Leeds Building Society on Friday announced results for the first half of 2018, saying its total assets increased to £19.5 billion, up 13% since June 2017, “reflecting lending growth and higher liquidity.”
The UK’s fifth largest building society also announced that chief executive officer Peter Hill will retire in February 2019.
Subject to regulatory approval, Hill will hand over the CEO role to Richard Fearon, currently the society’s chief commercial officer. Fearon becomes Deputy CEO with immediate effect.
Profit before tax for the six months to June 2018 was £60.1 million, down from £63.2 million at the same stage last year after a one-off charge of £6.9 million resulting from the decision to dispose of the society’s Irish mortgages.
New residential mortgage lending in the period was £1.8 billion, down from £2.1 billion to June 2017.
Leeds attracted 42,000 new savers, increasing its retail savings balances to £13.9 billion from £12.5 billion in June last year.
Leeds’ membership now stands at more than 809,000, up from 778,000 in June 2017 and the highest in the society’s history.
Hill said: “Our strategy to deliver sustainable growth and service improvements is focused on the long term benefits to all our members, whether borrowers or savers.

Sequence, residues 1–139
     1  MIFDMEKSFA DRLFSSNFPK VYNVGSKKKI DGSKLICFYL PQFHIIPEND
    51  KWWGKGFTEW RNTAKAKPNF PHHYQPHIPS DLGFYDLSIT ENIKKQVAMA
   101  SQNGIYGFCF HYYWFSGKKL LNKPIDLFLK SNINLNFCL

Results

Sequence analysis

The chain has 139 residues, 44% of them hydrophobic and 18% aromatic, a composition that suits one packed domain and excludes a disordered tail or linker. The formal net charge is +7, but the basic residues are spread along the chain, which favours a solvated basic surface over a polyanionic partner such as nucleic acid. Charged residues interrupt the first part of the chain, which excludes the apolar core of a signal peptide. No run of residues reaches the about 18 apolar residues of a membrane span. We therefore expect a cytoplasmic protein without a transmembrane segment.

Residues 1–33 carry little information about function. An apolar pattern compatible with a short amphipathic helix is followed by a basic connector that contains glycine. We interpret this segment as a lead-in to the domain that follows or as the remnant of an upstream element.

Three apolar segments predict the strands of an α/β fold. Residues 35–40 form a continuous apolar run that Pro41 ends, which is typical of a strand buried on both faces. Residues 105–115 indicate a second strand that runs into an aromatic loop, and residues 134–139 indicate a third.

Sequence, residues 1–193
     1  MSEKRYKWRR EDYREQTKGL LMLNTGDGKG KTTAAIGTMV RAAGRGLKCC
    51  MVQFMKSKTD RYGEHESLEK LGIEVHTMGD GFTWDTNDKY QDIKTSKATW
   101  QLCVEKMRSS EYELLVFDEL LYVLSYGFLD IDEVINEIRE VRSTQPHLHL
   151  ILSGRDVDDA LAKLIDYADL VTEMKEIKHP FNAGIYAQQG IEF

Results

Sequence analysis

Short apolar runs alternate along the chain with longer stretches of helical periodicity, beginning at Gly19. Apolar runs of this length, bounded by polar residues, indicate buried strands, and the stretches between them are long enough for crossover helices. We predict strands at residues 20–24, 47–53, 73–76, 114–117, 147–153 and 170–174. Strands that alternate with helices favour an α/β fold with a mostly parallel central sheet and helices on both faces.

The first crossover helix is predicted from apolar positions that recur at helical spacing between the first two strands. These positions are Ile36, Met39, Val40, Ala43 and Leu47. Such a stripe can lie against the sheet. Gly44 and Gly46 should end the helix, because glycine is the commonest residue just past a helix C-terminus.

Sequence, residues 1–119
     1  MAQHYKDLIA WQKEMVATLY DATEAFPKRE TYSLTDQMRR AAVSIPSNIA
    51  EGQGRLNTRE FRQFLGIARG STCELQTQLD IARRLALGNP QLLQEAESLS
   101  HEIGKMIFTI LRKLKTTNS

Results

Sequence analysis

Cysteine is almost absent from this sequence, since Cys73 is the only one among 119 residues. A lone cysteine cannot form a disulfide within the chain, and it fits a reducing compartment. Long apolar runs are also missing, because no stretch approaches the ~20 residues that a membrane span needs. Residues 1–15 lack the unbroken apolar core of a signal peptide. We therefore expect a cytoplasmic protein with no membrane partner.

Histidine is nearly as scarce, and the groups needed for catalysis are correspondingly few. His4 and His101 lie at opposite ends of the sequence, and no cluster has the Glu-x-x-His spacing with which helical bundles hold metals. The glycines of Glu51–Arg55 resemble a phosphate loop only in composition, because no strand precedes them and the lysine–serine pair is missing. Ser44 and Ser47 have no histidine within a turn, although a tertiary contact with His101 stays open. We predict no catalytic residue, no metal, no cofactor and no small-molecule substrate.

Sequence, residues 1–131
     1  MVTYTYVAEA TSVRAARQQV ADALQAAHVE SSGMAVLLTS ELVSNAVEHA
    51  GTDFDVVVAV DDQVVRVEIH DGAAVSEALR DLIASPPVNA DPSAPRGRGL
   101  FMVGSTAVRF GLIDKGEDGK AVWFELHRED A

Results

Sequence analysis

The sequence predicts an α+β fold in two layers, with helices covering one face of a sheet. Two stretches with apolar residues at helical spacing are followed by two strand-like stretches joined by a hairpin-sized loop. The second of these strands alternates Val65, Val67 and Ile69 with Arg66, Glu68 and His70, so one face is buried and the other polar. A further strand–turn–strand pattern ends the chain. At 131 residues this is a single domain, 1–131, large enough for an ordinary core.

“We believe our success in attracting thousands more members is testament to this approach. In a competitive market and uncertain economic climate, they see the value in our products, services and our status as a member-owned business which is here for them for life …
“Refining and enhancing our lending criteria and processes complements our product offering to attract more borrowers, which has helped drive growth in line with our strategy. Net lending in the first half of 2018 was £0.5bn (June 2017: £1bn) …
“We’re proud of our financial strength and independence as a building society and, in addition to delivering sustainable growth, we need to maintain appropriate levels of capital and reserves.
“Receiving IRB permission is welcome recognition of the quality of our robust approach to managing and understanding risk.
“Our borrowers and mortgage brokers have already seen benefits – working towards obtaining permission helped us to cut the time taken to process mortgage applications, so borrowers can be in their homes sooner.
“IRB is an assurance to external organisations, including ratings agencies, and we retain strong investment grade long term credit ratings from Moody’s and Fitch of A3 and A- respectively.
“This also means our CET 1 ratio has risen to 29.5% and total capital ratio is 36.3%.
“Our residential arrears have fallen further to 0.63% (June 2017: 0.84%).
“Selling our Irish mortgages allows us to focus on our core domestic market. While a write down on the transfer has reduced our pre-tax profits for the first half of this year, it helps us consolidate our position as one of the strongest and most progressive mid-tier mortgage lenders.”